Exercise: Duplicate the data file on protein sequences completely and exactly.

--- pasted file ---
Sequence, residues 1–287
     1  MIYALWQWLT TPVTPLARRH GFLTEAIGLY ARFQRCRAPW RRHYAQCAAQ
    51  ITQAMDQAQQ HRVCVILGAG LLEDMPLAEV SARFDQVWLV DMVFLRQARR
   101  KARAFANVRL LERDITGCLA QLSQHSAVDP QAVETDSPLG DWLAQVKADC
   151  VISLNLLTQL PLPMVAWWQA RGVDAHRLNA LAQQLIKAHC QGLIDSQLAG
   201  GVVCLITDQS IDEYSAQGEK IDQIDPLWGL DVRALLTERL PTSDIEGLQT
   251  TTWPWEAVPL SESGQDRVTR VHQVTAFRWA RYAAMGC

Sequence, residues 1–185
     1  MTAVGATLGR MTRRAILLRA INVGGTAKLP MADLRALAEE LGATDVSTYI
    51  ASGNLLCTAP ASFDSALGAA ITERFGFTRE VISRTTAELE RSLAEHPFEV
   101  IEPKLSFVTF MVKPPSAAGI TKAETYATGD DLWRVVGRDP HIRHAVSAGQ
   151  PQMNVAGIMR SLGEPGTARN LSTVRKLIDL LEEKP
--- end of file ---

Sequence, residues 1–287
     1  MIYALWQWLT TPVTPLARRH GFLTEAIGLY ARFQRCRAPW RRHYAQCAAQ
    51  ITQAMDQAQQ HRVCVILGAG LLEDMPLAEV SARFDQVWLV DMVFLRQARR
   101  KARAFANVRL LERDITGCLA QLSQHSAVDP QAVETDSPLG DWLAQVKADC
   151  VISLNLLTQL PLPMVAWWQA RGVDAHRLNA LAQQLIKAHC QGLIDSQLAG
   201  GVVCLITDQS IDEYSAQGEK IDQIDPLWGL DVRALLTERL PTSDIEGLQT
   251  TTWPWEAVPL SESGQDRVTR VHQVTAFRWA RYAAMGC

Sequence, residues 1–185
     1  MTAVGATLGR MTRRAILLRA INVGGTAKLP MADLRALAEE LGATDVSTYI
    51  ASGNLLCTAP ASFDSALGAA ITERFGFTRE VISRTTAELE RSLAEHPFEV
   101  IEPKLSFVTF MVKPPSAAGI TKAETYATGD DLWRVVGRDP HIRHAVSAGQ
   151  PQMNVAGIMR SLGEPGTARN LSTVRKLIDL LEEKP